I started organizing around the federal Dream Act and the New York Dream Act. I had started to befriend other undocumented young people, particularly members from the New York State Youth Leadership Council. Their actions inspired me to become an activist and to share my story as an act of self-empowerment and self-preservation. They organized actions and rallies, often by putting themselves at risk of deportation to try to get legislation passed.
The federal Dream Act would allow undocumented youth who qualify to be placed on a path to citizenship, while the New York Dream Act would allow state financial aid to be opened for undocumented youth who qualify, allowing them to attend school while providing for their families. Both pieces of legislation would have a significant impact as hundreds of thousands of youth would have, to the very least, access to an education.
In December 2010, I witnessed the congressional debate on whether to pass the federal Dream Act. Some members used ignorant arguments, showing indifference to immigrant youth and their families. In the end, the Dream Act didn’t pass. That’s when I realized that my life and those of thousands of others were being gambled on by politicians with their own interests. How else could you explain so many hateful remarks toward a group of young people looking for an education?
Still, I realized the dramatic impact we could make. If it wasn’t for advocacy, our elected officials wouldn’t have cared enough to even bring it to the table for a vote, nor would the president have created Deferred Action for Childhood Arrivals (DACA). The hunger strikes, the rallies, sit-ins, protests, calls made and letters sent, and the walks to Washington, DC, all paid off in 2012.
On June 15, 2012, two weeks after my college graduation, President Obama announced that he was taking executive action to provide temporary relief to approximately one million eligible undocumented youth while we waited for Congress to pass comprehensive immigration reform. The programs were set to go in effect in August, three months after the announcement.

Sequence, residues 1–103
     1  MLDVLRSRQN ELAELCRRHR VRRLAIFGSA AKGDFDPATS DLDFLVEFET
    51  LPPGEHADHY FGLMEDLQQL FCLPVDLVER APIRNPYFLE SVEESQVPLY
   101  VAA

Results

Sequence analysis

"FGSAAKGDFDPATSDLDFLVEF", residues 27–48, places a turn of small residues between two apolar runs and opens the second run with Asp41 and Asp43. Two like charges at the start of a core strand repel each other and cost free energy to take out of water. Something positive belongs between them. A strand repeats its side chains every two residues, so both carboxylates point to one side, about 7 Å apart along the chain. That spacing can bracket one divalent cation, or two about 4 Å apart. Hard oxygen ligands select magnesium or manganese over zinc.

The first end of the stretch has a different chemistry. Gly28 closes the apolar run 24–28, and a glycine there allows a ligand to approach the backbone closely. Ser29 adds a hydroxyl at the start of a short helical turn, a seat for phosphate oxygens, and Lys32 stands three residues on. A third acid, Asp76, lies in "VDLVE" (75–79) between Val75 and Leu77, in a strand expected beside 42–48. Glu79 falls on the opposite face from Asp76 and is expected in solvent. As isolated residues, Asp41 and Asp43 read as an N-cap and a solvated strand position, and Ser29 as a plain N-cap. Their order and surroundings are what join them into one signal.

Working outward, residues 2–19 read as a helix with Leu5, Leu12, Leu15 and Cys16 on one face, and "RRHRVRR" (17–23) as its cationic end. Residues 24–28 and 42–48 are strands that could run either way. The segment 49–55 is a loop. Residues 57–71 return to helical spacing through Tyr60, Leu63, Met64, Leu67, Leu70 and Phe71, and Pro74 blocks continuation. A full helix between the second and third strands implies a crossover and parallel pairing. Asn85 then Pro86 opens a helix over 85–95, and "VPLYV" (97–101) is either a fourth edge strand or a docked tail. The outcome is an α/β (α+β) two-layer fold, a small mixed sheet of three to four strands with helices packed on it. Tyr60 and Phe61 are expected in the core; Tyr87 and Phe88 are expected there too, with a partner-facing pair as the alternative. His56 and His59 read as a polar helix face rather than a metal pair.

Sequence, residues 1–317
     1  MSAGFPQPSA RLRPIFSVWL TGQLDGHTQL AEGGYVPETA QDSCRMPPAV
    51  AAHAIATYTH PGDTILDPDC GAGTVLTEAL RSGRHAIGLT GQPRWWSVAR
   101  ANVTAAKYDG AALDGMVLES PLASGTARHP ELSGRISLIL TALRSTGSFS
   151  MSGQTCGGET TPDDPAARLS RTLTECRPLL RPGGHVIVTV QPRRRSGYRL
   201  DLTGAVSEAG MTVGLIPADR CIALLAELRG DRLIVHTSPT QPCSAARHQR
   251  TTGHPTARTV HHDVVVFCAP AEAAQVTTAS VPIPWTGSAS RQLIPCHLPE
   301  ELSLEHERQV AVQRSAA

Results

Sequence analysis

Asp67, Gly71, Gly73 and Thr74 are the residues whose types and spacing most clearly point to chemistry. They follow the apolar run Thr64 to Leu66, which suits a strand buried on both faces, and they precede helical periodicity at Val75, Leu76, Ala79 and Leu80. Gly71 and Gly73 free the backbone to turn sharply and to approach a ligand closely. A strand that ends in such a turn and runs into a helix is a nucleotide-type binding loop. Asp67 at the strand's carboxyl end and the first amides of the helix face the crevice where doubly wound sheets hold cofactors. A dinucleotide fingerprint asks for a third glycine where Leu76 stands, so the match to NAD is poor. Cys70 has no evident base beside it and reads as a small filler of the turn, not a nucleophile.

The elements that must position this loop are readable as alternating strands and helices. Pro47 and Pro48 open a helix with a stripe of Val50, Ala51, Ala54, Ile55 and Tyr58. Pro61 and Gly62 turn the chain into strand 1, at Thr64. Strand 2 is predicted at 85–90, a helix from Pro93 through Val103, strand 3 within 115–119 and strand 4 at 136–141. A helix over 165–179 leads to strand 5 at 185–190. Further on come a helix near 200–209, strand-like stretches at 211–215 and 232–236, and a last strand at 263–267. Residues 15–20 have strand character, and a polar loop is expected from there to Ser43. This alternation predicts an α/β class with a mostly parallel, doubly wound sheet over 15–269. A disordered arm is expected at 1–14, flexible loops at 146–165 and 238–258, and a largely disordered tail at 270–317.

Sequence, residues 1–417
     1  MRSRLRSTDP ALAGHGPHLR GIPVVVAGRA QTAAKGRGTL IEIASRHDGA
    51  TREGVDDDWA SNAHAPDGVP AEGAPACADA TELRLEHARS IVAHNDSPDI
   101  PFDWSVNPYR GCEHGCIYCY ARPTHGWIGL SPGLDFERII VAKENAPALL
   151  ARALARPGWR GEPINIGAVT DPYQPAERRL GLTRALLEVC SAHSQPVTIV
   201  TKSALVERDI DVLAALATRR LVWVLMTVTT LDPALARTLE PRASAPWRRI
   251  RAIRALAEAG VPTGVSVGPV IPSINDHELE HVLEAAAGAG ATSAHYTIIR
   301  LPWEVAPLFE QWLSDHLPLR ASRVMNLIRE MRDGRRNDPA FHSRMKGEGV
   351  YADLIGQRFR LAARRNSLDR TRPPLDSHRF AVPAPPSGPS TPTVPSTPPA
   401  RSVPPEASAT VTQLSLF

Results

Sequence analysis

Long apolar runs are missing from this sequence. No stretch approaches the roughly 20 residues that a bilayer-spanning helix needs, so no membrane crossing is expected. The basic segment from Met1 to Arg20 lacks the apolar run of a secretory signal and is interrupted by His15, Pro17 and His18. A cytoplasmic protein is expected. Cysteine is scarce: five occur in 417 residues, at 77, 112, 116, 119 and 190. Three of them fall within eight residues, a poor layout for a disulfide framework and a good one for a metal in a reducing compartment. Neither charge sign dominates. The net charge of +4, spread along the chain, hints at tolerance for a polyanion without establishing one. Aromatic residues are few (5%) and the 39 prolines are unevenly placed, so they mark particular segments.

In the meantime, we had to start saving money to pay for application fees and the expenses that came along with it (usually an average of $500 per applicant) as well as collecting documents that would prove we had been present in the country since 2007. I, fortunately, had been attending college during those years and they became my main evidence.
I would later become a DACA case manager, and learned many other people in my situation didn’t fare the same. I once had a case of a person who was denied solely because he was unable to find enough evidence of his presence in the country before he turned 16, even though he had arrived when he was 15 years old. This young man also had a family dependent on his income and was working on finishing his bachelor’s degree. And I had many more cases who were unable to apply because they had been working jobs off-the-books, and had no physical documents to prove their presence in this country. Many others whose past encounters with the law made them afraid to apply or prevented them from applying. Others were delayed applying because they lacked a high school degree or didn’t have the money to cover application fees. As of today, about 680,000 DACA-eligible youth have actually applied for deferred action.